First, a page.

EPA Finalizes Interpretation That Would Allow Recycling of Plastics From Shredder Residue

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By Anthony Adragna  

The Environmental Protection Agency has finalized an interpretation of regulations governing the management and recycling of polychlorinated biphenyls that it says will allow plastic materials recovered from metal recycling facilities and automobiles to be recycled.

In a notice published in the April 5 Federal Register, EPA said the interpretation applies to plastic scraps that contain levels of polychlorinated biphenyls (PCBs) that are less than 50 parts per million (78 Fed. Reg. 20,640).

“EPA is adopting the generic 50 ppm exclusion for the processing, distribution in commerce, and use, based on the Agency's determination that the use, processing, and distribution in commerce of products with less than 50 ppm PCB concentration will not generally present an unreasonable risk of injury to health or the environment,” the agency said in the notice.

EPA said its interpretation would generate environmental benefits and protect human health by promoting recycling and preventing PCBs from entering the environment.

EPA acknowledged it could not always determine the source of PCBs in the plastics, and said the exclusion would not apply to plastics containing PCB concentrations greater than 50 parts per million.

Section 6(e) of the Toxic Substances Control Act generally prohibits the manufacture, processing, distribution, and use of PCBs, but a list of “excluded PCB products” have been classified by EPA as suitable for use, processing, and distribution. Those products must typically have concentrations of PCBs less than 50 parts per million (40 C.F.R. pt. 761.20(a) and (c)).

Public comments received on the proposed interpretation were overwhelmingly positive (37 CRR 173, 2/11/13).

Under the final interpretation of the rules, recyclers must follow a list of voluntary procedures developed by the Institute of Scrap Recycling Industries that are designed to prevent the introduction of PCBs into recycled plastics. The procedures involve the development and introduction of a documented materials management program.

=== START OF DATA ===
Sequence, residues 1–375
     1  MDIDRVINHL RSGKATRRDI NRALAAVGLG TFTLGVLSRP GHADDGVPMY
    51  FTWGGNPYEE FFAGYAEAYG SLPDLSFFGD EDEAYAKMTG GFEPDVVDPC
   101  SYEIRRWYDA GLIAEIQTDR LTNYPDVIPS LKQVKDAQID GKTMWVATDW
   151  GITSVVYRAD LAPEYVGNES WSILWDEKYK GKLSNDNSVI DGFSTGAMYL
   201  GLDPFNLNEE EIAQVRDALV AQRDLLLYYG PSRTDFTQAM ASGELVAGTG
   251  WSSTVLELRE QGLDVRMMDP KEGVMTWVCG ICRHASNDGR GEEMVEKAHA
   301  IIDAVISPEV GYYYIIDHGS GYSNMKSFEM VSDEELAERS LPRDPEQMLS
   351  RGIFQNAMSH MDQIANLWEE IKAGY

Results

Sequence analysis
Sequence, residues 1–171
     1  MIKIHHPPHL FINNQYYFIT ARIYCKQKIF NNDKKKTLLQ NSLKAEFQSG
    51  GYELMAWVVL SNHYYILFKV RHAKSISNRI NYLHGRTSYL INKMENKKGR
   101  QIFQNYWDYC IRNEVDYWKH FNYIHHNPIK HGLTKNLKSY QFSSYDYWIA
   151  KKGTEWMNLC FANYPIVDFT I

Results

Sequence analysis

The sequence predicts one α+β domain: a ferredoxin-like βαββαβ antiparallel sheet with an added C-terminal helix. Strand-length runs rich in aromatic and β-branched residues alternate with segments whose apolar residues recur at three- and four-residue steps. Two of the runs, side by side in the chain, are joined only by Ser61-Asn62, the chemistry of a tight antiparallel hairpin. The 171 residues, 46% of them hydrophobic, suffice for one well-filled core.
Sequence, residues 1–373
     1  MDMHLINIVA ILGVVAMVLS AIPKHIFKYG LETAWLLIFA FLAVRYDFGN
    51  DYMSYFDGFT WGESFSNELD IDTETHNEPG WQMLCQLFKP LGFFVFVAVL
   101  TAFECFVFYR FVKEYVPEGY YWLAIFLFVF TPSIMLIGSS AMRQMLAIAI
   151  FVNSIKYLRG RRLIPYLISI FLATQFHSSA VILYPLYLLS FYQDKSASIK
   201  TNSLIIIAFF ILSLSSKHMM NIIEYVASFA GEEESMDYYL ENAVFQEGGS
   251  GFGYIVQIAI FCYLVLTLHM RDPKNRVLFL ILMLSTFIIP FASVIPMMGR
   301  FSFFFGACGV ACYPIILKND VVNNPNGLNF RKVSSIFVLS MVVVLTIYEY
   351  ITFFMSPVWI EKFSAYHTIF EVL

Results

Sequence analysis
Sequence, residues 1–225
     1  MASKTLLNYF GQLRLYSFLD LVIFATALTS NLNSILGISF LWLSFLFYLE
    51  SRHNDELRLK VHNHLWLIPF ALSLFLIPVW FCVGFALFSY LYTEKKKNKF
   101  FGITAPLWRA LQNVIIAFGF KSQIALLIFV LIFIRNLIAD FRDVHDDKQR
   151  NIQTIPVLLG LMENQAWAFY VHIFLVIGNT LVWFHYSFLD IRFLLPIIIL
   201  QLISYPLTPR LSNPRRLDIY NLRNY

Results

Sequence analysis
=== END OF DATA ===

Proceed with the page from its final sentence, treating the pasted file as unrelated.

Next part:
ISRI Touts Environmental Benefits

ISRI told BNA that the interpretation would reduce consumption of oil by 30 million barrels annually, eliminate up to 5 million tons of carbon dioxide emissions, and save more than 50 million cubic yards of landfill space.

“We are very grateful for the agency's recognition of the importance of clarifying its regulations to create certainty for business and to enable much more recycling,” Robin Wiener, president of ISRI, told BNA. “The technologies for separating and recycling the plastics are already being employed in Europe and Asia, and the agency's action will now allow similar investments to be made here in the U.S., instead of overseas.”

ISRI had previously lobbied EPA for the interpretation on environmental and economic grounds (36 CRR 1301, 12/10/12).

EPA said the decision would be of interest to private citizens, federal, tribal, state and local governments, environmental consulting firms, industry representatives, environmental organizations, and other public interest groups.

The manufacture of PCBs was banned by EPA in 1979 after research linked them to cancer and other health threats to the immune, reproductive, nervous, and endocrine systems.

Lisa Evans, an attorney for Earthjustice who authored comments opposing the interpretation, was not available for comment.

ISRI was not immediately available for comment.

By Anthony Adragna  

The scheduled Federal Register notice announcing EPA's final interpretation is available at http://op.bna.com/env.nsf/r?Open=aada-96fr6a.

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